Rev. Dr. H. G. Dattan, pastor of Zions Evangelical Lutheran Church of this city; Rev. Julius Paetznick, pastor of Mount Tabor Lutheran Church; Rev. John Wittekind, pastor of St. Johns Lutheran Church; Rev. Frederick Ellerman, pastor of St. Pauls Lutheran Church; Rev. F. V. Chryst, pastor of the Church of the Atonement; Rev. Mr. Davis of Clay; John M. Luther, president of the Lutheran Brotherhood of Syracuse, and A. E. Oberlander of this city were also among the speakers.

Musical numbers were given by the choir, by the men’s chorus of the Brotherhood, by William Kramer and Walter Wisehoon, the two latter giving solos.

A history of the church was Mr. Oberlander’s contribution to the programme. He told how, as far back as 1810, a little band of Lutherans settled at Clay and held services, although they had no church building then. A congregation was organized in 1825, and for these the present church was built. Beginning with a congregation of forty, the church membership now numbers more than 100.

None of the charter members are living, but among the olders ones still on the roll who attended the services yesterday was William A. Young, who has been a member seventy years.

Other Clergymen [sic: Members?] Present.

Others among the older members or former members present were Mrs. J. K. Harris, G. T. Young of Mexico, Dr. A. A. Young of Newark; Mrs. J. J. Young of Syracuse, Mr. and Mrs. P. W. Schell of North Syracuse, Mrs. William Miller of Syracuse, J. H. Carlysle, P. H. Heusen, Mr. and Mrs. O. C. Deman and Mr. and Mrs. Allen Gilmore of Clay.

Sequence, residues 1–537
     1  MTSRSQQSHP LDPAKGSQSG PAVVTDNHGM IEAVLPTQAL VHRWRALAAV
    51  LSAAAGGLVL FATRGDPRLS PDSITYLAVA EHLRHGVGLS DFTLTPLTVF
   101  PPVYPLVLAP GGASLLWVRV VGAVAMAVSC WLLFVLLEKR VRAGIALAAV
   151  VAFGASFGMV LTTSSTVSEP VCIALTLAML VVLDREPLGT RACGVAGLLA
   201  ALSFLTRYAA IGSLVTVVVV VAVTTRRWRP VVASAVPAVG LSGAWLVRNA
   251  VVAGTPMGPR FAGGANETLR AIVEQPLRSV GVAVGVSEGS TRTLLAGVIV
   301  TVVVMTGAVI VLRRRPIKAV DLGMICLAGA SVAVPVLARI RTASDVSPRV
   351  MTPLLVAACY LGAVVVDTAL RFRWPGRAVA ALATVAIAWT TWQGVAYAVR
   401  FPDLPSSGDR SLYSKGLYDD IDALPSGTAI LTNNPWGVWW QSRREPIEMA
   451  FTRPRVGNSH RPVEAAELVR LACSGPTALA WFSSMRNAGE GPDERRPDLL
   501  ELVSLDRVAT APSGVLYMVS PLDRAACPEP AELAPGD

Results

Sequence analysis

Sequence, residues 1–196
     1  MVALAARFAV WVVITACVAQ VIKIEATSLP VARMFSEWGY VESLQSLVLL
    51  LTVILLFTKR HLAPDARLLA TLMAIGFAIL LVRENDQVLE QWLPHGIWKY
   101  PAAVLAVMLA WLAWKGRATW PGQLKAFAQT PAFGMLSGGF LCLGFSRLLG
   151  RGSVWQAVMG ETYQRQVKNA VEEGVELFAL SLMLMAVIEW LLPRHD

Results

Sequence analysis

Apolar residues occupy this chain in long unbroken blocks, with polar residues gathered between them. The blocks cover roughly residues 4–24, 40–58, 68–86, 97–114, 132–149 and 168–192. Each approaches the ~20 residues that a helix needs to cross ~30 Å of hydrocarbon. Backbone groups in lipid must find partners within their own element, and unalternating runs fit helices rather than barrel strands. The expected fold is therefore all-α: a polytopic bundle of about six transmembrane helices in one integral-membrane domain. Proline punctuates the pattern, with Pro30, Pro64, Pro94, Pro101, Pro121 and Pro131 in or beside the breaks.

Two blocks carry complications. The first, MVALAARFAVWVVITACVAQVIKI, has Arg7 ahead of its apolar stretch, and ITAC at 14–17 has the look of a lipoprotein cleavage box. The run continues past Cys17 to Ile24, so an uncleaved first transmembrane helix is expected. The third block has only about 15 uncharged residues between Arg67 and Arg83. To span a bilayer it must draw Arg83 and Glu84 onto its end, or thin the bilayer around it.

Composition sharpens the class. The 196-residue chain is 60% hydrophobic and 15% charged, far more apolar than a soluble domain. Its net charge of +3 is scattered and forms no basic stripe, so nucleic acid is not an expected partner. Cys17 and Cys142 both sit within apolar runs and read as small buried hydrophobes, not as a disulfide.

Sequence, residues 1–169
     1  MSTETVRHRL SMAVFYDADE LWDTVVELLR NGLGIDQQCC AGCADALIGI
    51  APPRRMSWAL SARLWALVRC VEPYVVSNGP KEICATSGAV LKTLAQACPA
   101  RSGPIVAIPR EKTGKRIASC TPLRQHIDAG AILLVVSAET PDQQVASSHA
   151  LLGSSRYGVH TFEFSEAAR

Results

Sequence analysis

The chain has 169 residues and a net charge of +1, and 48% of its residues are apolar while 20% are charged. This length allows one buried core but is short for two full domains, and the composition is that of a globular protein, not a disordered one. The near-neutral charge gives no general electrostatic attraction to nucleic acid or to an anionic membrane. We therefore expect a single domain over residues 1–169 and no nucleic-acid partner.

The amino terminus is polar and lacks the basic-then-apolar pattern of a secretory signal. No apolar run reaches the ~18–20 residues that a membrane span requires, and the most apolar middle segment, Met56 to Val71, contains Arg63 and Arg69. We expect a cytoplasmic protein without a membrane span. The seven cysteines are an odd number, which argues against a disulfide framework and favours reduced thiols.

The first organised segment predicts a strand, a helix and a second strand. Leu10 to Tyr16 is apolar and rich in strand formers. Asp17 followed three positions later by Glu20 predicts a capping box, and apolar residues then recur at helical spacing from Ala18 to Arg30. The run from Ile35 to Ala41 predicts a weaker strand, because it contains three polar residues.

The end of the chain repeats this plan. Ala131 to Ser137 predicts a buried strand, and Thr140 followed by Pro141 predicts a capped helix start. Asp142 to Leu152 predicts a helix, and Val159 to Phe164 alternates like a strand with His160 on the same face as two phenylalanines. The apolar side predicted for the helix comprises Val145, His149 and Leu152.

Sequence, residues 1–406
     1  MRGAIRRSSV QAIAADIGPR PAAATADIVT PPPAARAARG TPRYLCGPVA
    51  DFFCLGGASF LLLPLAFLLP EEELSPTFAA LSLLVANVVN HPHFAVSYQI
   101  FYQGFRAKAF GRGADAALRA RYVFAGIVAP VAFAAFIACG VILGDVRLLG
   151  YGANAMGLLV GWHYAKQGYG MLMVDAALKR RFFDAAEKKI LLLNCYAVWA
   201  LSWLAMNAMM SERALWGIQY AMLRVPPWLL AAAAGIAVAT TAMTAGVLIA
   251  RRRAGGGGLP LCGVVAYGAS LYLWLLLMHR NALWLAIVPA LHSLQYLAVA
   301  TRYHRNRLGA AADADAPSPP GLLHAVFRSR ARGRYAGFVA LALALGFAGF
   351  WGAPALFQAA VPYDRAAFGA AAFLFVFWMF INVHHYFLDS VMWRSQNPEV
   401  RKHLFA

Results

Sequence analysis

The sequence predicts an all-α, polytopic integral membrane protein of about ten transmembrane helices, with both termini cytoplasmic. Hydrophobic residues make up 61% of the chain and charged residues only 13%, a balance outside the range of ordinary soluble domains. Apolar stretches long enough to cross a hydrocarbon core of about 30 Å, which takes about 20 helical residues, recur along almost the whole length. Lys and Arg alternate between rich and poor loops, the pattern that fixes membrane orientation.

After the service the old bell in the tower was rung, while the congregation sang, "God Be With You 'Till We Meet Again."

Three services were held in the church yesterday. Preparatory services were at 10 o’clock, followed by holy communion at 11 o’clock. The farewell service was preceded by a children’s service at which three infants received the sacrament of baptism.

There will be at least one more service in the old church before the work of demolition begins. Next Sunday Rev. Alfred H. Miller, who is one of the candidates for the pastorate, will come from New York to conduct services. After that services will be held in Weller Hall, Clay village, until the new church is ready to receive its people.

Building space has been given the church by Mrs. L. A. Weller and her children. The lot is located centrally in the village, which will give the new church advantages over the old, which is nearly a mile from the village center.

Building to Cost $3,000.

The Building Committee has under consideration a structure to cost $3,000. This amount is to be raised by subscription, or such part of it as may be necessary. The material in the old church will be used as far as possible in constructing the new.

The new house will have a capacity of 700. It will be built after the same plan as the one to be destroyed as far as architectural lines are concerned, but will be thirteen feet longer and there will be a basement for Sunday school purposes.



Links - for more information:


Immanuel Evangelical Lutheran Church, Clay, New York; current link:
http://www.lutheransonline.com/servlet/lo_ProcServ/dbpage=page&mode=display&gid=20052034583809693901111555

Rootsweb: HISTORY OF THE TOWN OF CLAY
Source: Past and Present of Syracuse and Onondaga County, by The Rev. William M. Beauchamp. NY: S. J. Clarke Publishing Co., 1908, pp. 353-356.
http://www.rootsweb.com/~nyononda/CLAY/BEAUHIST.HTM

Rootsweb: HISTORY OF THE TOWN OF CLAY
Source: Onondaga; or Reminiscences of Earlier and Later Times, by Joshua V. H. Clark. Syracuse: Stoddard and Babcock, 1849, Vol. II, pp. 190-194.
http://www.rootsweb.com/~nyononda/CLAY/clarkhistory.html

Palatines to America; a brief history of their move to New York
http://www.hopefarm.com/palameet.htm